An Analysis of Ancestral Sequence Resurrection in the Context of Guanylate Kinase Evolution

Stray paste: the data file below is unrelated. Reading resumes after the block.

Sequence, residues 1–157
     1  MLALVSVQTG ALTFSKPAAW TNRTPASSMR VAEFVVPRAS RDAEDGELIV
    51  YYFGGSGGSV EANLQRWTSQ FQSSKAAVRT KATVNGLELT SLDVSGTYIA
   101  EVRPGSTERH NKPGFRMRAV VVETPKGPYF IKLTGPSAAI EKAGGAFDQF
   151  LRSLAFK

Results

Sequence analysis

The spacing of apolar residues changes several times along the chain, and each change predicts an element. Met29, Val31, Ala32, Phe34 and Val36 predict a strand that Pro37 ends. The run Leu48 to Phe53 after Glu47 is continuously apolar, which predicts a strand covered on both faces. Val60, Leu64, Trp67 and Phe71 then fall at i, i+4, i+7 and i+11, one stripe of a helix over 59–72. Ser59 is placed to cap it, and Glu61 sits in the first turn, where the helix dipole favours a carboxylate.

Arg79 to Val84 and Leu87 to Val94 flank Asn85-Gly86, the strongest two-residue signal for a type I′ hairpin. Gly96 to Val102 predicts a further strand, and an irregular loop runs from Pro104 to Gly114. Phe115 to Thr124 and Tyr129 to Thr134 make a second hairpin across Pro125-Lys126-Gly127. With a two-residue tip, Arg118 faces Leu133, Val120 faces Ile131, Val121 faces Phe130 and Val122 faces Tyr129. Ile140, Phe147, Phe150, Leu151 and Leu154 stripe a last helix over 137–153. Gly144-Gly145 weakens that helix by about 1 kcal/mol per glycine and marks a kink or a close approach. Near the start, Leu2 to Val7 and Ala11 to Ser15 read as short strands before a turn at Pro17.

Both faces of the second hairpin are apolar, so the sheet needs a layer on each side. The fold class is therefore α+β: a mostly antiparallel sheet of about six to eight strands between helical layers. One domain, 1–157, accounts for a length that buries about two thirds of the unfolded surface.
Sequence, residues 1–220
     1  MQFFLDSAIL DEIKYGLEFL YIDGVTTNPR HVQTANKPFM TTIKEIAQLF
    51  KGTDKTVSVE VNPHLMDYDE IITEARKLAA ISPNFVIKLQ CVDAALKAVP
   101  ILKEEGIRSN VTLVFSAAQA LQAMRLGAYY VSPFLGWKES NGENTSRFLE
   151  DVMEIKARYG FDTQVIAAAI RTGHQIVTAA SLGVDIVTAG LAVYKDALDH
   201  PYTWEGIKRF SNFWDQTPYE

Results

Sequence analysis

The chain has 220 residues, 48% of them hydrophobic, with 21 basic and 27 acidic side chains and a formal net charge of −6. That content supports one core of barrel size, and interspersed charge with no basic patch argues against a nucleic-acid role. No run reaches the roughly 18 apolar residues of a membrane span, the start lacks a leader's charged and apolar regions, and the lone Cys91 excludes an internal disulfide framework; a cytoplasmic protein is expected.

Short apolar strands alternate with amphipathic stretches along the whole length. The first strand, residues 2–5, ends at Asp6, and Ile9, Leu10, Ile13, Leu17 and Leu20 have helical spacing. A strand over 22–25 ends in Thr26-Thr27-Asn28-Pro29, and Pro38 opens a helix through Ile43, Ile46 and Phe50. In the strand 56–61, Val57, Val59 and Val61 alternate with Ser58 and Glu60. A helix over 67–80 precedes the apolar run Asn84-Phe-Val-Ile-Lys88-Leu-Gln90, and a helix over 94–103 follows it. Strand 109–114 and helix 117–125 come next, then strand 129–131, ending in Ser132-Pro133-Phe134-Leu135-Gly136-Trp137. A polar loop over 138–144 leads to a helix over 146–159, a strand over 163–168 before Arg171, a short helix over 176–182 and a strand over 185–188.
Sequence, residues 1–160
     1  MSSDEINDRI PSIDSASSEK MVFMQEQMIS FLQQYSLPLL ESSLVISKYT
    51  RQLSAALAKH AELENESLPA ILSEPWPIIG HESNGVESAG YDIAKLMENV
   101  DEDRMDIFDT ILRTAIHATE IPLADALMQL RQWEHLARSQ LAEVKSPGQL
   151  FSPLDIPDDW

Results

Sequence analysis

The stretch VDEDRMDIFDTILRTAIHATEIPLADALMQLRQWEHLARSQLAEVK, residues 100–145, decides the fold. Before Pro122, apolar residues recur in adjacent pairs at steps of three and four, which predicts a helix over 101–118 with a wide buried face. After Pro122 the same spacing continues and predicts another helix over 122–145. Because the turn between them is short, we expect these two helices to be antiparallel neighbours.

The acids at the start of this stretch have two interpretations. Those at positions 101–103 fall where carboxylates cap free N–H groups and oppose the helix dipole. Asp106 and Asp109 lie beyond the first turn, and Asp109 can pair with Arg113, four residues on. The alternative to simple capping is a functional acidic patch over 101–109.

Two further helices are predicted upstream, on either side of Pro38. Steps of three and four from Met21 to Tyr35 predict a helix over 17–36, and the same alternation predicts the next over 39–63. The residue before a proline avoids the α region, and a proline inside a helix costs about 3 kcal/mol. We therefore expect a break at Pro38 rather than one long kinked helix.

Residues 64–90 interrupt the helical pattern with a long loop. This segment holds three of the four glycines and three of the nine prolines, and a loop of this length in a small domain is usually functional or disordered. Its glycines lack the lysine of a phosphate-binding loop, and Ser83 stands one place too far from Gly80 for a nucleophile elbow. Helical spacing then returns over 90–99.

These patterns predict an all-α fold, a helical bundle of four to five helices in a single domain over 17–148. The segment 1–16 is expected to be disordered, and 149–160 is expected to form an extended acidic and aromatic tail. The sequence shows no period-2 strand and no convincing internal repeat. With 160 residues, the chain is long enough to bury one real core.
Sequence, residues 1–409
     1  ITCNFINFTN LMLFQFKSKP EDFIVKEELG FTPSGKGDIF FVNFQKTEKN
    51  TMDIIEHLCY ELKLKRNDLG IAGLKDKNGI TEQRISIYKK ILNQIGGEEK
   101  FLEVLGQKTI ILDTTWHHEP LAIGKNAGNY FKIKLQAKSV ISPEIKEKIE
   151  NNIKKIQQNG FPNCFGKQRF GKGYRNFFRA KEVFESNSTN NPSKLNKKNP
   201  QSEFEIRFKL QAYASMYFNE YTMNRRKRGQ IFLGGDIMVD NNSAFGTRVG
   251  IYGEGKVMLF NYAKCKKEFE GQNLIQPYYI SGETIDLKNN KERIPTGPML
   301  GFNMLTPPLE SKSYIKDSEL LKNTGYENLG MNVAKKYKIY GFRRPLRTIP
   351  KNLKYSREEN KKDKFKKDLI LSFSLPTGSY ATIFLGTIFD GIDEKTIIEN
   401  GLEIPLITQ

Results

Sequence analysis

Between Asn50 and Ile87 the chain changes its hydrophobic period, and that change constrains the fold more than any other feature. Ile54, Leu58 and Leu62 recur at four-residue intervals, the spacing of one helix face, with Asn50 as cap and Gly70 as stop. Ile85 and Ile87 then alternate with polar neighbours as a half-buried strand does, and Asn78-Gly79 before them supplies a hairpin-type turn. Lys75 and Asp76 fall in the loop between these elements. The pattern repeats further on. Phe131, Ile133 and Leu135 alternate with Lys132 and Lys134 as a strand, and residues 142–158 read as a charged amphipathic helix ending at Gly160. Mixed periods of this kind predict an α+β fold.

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Ancestral sequence resurrection (ASR) is an important tool for studying evolution on a molecular scale. The process takes a broad range of extant samples and, using sequence alignment and evolutionary prediction algorithms, determines the most likely sequence to have evolved into modern-day proteins. While ever-improving technologies allow for increasingly reliable predictions, it is impossible to prove whether a reconstruction is in fact the true ancestor. This project will analyze the fidelity of the ASR process in the context of the divergence of enzymatically inactive guanylate kinase-like binding domains and enzymatically active guanylate kinases from a common ancestor. A maximum likelihood ancestor has already been predicted, so by comparing relative enzymatic activity of this ancestor, a variety of mutants, Bayesian predictions, and extant enzymes, we will be able to assess the validity of ASR for this billion-year-old evolutionary event.